on 17 February 2014
The first thing to be said about this series is that it is British from the very first scene to the very last by the vast range of actors and actresses as for age and the extreme quality of these actors, most of them having parallel careers in theaters, television and the cinema. They are thus able to act with a vast variety of stances and tones and at the same time with a great expressivity on their faces or with their body language. Within that great versatility and mental or dramatic agility there is not one single age that is privileged and the older generation is just as good and as present as the youngest one and the age range, apart from the few children, goes from the late teens and early twenties to the seventies. This is exceptional and no American series will ever be able to do that. A TV actor might turn up in the cinema but then he will never go back to TV, and both will hardly be able to work on a stage. The case of "Harry Potter," or Daniel Radcliffe if you prefer, is typically British who can play on the stage or act in a film. That mobility is not American, and American television sure misses something there, just as much as it misses the use of older actors and actresses, as well as very young ones, leveling the cast within a twenty to thirty years age bracket.
The second element that makes this series beautifully and exceptionally British is the fact it is situated before, during and after the First World War in England and everything is there to tell you, you are in England. The Mansion in which the action takes place, the official Downton Abbey, which is of course not the real name, the village next to it, the array of vehicles and cars, the steam engine and the train, even the London of that time, all is reconstructed the way it was or used to be. Only England can have that Tudor architecture. It is in no way similar to anything anywhere else in the world and if there is something looking like it in the USA, it is nothing but a copy, hence a fake, or maybe, like the old London Bridge, a rejected ruin that was bought over here and brought and rebuilt over there, in a piece of desert even.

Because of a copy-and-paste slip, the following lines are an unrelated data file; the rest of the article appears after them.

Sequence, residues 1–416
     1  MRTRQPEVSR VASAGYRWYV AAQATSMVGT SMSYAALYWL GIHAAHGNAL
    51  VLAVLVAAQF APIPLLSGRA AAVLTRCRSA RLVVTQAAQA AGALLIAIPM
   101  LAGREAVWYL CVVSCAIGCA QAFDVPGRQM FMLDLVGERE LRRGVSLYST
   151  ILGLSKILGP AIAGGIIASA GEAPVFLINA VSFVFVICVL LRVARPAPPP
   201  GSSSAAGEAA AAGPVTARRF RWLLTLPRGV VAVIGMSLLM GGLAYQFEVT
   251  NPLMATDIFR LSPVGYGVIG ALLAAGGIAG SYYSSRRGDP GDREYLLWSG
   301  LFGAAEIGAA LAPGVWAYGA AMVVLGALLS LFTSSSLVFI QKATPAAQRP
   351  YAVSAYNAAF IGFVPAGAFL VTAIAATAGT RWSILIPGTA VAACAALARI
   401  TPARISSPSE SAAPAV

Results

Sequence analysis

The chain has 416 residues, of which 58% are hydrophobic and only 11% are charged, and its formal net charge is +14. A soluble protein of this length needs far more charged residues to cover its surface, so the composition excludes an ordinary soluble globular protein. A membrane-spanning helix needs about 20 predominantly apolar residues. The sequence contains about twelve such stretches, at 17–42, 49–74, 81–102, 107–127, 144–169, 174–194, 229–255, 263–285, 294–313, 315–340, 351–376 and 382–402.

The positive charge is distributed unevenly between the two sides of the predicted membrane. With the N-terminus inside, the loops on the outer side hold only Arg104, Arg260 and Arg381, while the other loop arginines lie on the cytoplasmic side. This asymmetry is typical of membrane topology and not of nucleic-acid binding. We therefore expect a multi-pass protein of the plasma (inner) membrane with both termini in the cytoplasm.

The third element is the society it depicts. There is the upstairs of the aristocrats, lords, ladies, duchesses, earls and so on that is so English in its vanity, social exclusiveness, social segregation, social racism even. And there is the downstairs of the servants, the copy cat hierarchy of the service from the butler at the top to the housekeeper at the top too, then to the valets and the footmen on one side, and to the maids and kitchen hands on the other side, and with some hierarchy within each echelon of this social descending ladder. To be in the service was a great honor and privilege and one could spend one's whole life in it and climbing the rungs of that ladder one at a time over the decades. But this series is exceptional because it goes far beyond that simple capture of social stratification.